Of course the first difference is that no one is calling for a recount of the votes cast on the lever machines. People have confidence in the lever machines. On election night, in full public view, the back of each machine is opened and the numbers are read off. All that's left are the absentee and affidavit ballots. In Minnesota, no one trusts anything. Count and count again.
Re-Media Election Transparency Coalition: "Unlike the recent close race in Minnesota that was decided by a manual recount of post-election night paper ballots, not shown to have been the same ballots cast at the election, today’s commencement of New York’s absentee paper ballots will be publicly observed from the moment they are cast, through the counting. Novick says, “New York’s Constitution has always required an observable, open electoral process that produces evidence of the count at the time the votes are cast, ensuring maximum protection against fraud.”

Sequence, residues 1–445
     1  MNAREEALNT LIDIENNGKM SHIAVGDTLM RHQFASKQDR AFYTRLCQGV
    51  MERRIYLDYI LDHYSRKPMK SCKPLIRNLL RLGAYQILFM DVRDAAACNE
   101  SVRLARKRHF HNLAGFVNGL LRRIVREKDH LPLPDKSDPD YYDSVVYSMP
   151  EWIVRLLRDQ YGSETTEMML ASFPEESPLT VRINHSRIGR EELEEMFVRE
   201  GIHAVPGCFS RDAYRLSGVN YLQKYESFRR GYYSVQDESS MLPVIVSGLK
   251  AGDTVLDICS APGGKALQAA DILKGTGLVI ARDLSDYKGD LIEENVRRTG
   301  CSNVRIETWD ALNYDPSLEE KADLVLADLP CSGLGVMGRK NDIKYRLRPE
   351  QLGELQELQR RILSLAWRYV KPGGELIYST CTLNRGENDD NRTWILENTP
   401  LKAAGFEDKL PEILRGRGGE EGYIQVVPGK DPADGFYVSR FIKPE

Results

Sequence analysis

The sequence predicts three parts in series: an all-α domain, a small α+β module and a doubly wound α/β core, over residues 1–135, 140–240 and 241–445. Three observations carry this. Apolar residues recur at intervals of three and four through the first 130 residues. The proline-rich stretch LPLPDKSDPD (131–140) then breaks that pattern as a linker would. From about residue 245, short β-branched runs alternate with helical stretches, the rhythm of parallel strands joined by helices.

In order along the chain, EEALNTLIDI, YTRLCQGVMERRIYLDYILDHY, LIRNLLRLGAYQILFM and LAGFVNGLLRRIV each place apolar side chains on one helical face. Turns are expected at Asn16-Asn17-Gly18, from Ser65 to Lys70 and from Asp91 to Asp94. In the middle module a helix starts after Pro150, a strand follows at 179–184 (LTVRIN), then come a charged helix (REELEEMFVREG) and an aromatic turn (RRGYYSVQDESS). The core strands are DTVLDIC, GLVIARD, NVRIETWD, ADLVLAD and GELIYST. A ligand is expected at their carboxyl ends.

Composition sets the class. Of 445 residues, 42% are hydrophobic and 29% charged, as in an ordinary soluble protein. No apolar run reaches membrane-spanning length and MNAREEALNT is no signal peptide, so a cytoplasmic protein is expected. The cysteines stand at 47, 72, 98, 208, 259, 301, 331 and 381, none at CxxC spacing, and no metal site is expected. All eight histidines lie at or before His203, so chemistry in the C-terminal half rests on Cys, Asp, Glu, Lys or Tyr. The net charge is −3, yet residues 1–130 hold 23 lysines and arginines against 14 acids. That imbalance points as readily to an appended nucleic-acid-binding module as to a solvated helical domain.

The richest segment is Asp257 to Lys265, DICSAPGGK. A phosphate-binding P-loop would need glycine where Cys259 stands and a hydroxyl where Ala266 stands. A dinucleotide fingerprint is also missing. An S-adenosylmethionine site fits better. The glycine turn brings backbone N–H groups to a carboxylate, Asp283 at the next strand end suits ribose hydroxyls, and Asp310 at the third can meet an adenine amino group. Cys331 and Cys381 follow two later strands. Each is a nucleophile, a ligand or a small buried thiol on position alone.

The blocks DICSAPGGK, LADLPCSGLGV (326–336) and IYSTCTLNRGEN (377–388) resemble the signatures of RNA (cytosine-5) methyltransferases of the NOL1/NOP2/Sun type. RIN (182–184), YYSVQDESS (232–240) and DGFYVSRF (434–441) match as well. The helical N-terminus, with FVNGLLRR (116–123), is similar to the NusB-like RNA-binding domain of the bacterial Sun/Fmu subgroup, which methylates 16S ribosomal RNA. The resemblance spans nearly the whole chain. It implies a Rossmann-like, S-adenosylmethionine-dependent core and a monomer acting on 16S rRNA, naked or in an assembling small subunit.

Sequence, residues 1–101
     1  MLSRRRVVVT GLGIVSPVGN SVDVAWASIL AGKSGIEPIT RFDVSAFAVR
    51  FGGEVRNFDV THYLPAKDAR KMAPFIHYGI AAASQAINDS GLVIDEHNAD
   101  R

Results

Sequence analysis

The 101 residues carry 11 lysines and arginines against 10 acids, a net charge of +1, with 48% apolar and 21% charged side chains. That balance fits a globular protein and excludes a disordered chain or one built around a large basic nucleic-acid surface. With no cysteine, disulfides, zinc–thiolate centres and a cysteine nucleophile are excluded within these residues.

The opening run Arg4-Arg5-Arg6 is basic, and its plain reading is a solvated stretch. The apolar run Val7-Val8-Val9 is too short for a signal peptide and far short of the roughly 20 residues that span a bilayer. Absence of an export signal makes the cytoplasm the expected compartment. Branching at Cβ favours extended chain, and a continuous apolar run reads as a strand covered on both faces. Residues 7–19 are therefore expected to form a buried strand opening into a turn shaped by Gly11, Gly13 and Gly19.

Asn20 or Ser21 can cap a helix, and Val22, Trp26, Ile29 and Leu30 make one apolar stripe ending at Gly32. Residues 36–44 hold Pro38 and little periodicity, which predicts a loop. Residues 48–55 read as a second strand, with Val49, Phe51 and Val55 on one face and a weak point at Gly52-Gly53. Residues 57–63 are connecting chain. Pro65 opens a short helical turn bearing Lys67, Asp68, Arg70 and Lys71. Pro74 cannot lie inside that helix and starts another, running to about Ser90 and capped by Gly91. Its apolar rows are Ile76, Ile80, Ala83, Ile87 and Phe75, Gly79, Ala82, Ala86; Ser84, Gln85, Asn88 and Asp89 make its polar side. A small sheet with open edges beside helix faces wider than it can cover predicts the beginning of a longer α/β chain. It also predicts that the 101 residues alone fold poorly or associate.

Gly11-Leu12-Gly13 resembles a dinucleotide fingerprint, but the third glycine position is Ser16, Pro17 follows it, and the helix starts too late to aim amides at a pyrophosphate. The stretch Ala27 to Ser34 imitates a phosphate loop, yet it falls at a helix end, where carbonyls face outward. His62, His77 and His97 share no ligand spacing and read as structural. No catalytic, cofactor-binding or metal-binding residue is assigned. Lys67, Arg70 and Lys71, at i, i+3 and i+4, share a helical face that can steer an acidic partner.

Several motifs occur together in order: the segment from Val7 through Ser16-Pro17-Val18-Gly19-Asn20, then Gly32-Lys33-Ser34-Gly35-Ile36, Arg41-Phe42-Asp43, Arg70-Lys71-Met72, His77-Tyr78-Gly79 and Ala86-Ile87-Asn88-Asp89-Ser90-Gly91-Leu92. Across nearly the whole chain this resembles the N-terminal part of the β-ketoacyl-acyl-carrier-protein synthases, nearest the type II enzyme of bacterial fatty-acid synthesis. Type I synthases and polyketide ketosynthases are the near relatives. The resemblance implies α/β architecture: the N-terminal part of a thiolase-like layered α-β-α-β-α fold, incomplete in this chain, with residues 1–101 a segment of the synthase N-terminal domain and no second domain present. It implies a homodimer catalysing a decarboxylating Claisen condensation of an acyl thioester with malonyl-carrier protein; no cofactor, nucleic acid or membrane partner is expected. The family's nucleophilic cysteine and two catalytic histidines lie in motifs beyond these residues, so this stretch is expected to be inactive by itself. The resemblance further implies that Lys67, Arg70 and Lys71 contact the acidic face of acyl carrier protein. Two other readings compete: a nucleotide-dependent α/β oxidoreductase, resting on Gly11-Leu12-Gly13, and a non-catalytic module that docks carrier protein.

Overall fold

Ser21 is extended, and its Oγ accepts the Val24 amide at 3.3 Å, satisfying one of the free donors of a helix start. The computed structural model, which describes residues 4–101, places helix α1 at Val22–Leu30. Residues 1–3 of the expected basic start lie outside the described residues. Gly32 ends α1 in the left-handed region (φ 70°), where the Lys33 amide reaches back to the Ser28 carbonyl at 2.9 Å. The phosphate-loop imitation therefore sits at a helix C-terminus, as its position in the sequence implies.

“The Republican Party will have the proof it seeks, at least this year.” “But,” she warns, “If we permit the State to abandon our lever voting system for software-based scanners, it will be the last time any one will have evidence of who won the election.”"
And the cost is different -- A lever election is cheaper -- no high price technician doing software changes, no printing of paper ballots, attorney's fees are lower, and the labor costs for election officials are lower.
And the amount of time is different -- no audit of paper ballots, or total recount of paper ballots.
The worry-level is different -- no wondering whether the software was hacked or contains bugs, the electronics malfunctioned, the audit is an adequate size sample, or -- as in Clay County, Tennessee, where election officials have been indicted -- worry over old-fashioned election fraud.
Seems like keeping levers is something we could all get behind! (I think I've said that before.)